Thanks for the comments and advice. I took it to Sears and they ran their tests and said the battery was “fine” and the alternator wasn’t a problem. I explained the problem in as much detail as above, yet the response was that alternators produce variable output because they are not always running full-bore (my words, not theirs). They said they could beat the price Ford quoted for an Alternator and battery, but then after the test said I didn’t need either (also said it would be a new alternator, not a “re-man”… using Mazda parts since Mazda still makes essentially the same truck).

I have to decide where to place trust… Sears could have sold me an expensive repair and I wouldn’t have known better because another shop (Ford) told me the same thing… but Sears didn’t, and I assume they value their reputation so wouldn’t tell me everything was okay if it wasn’t. They also said I should be able to get another 2-3 years out of that battery (the “normal” Die Hard expectation of 6-7 years total). The “only” thing Sears noticed was a “crack” in the serpentine belt. (I gave the belt a cursory look in my garage before I went to Sears, but didn’t rotate it or really ‘dig into’ it… so I can’t argue with that diagnosis.)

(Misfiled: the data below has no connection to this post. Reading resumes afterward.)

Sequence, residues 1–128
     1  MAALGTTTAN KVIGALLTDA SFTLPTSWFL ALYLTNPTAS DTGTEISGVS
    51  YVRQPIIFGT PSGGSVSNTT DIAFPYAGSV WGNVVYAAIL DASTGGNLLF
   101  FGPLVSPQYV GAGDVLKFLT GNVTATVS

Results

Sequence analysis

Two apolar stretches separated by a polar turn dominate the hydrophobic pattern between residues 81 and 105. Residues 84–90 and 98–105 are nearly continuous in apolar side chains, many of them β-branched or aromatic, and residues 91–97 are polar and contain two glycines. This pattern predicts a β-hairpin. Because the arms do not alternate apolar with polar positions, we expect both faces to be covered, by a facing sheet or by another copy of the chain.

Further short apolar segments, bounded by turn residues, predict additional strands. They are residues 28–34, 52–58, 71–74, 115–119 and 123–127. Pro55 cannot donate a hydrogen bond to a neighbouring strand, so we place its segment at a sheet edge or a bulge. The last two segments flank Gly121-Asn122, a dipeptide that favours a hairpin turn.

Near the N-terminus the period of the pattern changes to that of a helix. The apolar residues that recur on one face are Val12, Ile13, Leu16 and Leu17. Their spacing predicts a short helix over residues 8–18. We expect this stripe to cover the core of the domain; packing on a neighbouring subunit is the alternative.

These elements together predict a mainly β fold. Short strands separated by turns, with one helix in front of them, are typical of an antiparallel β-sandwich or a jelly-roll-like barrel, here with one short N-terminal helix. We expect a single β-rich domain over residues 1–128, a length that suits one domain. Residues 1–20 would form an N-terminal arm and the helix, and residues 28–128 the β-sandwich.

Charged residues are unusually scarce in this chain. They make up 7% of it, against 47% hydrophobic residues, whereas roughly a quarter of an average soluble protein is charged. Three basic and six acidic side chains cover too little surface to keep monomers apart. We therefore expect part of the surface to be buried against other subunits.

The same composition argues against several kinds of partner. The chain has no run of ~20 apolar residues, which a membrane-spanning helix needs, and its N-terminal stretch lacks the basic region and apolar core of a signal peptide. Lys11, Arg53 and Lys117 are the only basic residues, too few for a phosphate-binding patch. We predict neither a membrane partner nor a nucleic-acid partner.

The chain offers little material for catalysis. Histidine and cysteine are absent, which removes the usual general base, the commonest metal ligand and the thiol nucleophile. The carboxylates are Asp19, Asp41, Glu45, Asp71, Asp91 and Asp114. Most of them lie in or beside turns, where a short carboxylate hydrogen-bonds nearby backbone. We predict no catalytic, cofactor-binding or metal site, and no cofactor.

Has anyone bothered to check the battery cables?
If the truck was jump started correctly the negative terminal from the charge source would have been hooked directly to a ground/ likely directly to a bracket on the engine.

In effect bypassing the possible failing main ground cable.

Also have a technician check the voltages and amp draw through out the start circuit this includes the signal from the ignition switch to the starter relay, both of these components are common failures on Fords.

This entire diagnosis should take about 1/2 @ most.

Good Luck